RoboClam in mudflat biomimicry

To design a lightweight anchor that can dig itself in to hold small underwater submersibles, Anette (Peko) Hosoi of MIT borrowed techniques from one of nature’s best diggers — the razor clam.

“The best anchoring technology out there is an order or magnitude worse than the clam — most are two or three orders worse,” says Hosoi…

Using relatively simple anatomy, the bivalve burrows into the bottom of its native mudflats at a rate of a centimeter per second. Hosoi’s studies of the physics behind this remarkable ability have revealed that the digging is accomplished in two motions — a push upwards with its foot, which mixes the grains of solid into the liquid above, and a synchronized push down.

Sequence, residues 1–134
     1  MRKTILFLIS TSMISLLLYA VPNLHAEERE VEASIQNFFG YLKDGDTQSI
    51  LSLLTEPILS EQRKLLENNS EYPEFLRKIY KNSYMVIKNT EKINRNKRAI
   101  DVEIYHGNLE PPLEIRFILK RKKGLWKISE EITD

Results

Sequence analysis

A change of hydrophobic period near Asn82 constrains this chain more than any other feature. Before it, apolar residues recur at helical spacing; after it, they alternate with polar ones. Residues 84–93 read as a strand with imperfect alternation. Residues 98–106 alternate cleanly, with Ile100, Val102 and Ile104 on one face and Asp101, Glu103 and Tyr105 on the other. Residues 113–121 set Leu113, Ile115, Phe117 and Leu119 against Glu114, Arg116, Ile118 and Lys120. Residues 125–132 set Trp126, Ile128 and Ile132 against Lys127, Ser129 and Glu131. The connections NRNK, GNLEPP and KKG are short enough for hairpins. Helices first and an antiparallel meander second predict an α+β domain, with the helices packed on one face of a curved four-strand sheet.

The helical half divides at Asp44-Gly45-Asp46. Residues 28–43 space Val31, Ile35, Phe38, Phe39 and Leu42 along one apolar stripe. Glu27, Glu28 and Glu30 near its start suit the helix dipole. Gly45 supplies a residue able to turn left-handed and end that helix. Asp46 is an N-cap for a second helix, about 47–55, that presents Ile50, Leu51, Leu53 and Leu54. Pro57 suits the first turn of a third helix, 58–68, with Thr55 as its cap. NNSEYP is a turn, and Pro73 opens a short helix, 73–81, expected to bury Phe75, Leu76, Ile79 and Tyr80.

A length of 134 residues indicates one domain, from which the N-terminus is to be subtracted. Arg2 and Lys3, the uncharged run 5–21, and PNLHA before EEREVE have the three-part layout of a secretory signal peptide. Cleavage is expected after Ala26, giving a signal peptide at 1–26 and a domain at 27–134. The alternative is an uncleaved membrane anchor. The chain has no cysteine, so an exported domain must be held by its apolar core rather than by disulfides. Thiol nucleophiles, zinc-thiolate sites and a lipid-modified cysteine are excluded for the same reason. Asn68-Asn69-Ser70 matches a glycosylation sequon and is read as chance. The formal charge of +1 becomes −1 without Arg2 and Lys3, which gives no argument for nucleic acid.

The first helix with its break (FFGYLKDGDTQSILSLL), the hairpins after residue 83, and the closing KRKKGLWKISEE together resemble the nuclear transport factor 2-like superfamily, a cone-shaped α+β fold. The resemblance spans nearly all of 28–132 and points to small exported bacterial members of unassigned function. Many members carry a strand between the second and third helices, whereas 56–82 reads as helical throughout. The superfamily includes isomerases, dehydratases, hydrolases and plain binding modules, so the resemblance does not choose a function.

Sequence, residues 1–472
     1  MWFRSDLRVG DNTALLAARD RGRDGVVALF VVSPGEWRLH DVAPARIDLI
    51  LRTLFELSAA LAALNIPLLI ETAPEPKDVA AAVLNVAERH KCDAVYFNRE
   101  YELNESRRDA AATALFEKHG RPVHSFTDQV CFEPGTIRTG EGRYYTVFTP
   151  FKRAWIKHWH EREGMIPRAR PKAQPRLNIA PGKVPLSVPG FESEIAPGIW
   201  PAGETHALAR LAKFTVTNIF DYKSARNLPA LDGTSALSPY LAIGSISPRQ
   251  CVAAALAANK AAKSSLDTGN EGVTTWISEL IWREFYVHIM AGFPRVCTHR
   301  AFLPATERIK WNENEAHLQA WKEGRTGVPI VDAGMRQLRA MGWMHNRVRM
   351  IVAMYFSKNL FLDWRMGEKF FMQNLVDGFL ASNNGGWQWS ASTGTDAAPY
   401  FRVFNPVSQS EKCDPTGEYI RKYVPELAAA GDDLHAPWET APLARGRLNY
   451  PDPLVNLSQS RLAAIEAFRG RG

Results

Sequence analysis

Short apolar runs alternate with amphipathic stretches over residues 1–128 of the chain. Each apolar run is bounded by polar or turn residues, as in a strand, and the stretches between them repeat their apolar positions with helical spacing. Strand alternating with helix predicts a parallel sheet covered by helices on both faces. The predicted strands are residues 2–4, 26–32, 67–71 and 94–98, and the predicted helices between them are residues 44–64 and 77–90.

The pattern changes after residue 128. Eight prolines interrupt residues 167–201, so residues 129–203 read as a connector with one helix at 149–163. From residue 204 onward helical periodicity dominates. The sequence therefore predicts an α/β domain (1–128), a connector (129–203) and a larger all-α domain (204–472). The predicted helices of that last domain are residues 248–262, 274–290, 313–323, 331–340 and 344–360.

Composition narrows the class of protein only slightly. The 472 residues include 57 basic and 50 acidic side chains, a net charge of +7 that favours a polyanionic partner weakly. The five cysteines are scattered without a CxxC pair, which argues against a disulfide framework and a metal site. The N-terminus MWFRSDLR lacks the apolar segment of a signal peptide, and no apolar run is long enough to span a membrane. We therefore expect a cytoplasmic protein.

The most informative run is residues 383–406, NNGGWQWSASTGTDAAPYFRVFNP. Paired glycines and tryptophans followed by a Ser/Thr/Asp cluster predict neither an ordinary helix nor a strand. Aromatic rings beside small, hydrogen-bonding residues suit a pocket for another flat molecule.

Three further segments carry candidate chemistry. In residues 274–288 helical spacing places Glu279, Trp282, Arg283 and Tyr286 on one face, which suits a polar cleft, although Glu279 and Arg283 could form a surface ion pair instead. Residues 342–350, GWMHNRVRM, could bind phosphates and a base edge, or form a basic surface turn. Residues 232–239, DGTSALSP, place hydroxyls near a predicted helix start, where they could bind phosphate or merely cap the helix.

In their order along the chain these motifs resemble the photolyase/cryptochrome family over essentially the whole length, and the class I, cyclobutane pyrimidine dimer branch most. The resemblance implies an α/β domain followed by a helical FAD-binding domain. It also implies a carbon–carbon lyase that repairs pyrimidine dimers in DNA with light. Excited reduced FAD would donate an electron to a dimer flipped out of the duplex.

By borrowing this principle, Hosoi and graduate student Amos Winter have created a simple robot that is now being tested out in the salt water mudflats off of Cape Cod. It digs just as fast as the living clam and is “small, lightweight, and does not use a lot of energy,” says Hosoi.

I never met a clam I didn’t like. Especially with melted butter and a little garlic.

Yes, of course, the project rocks, too.

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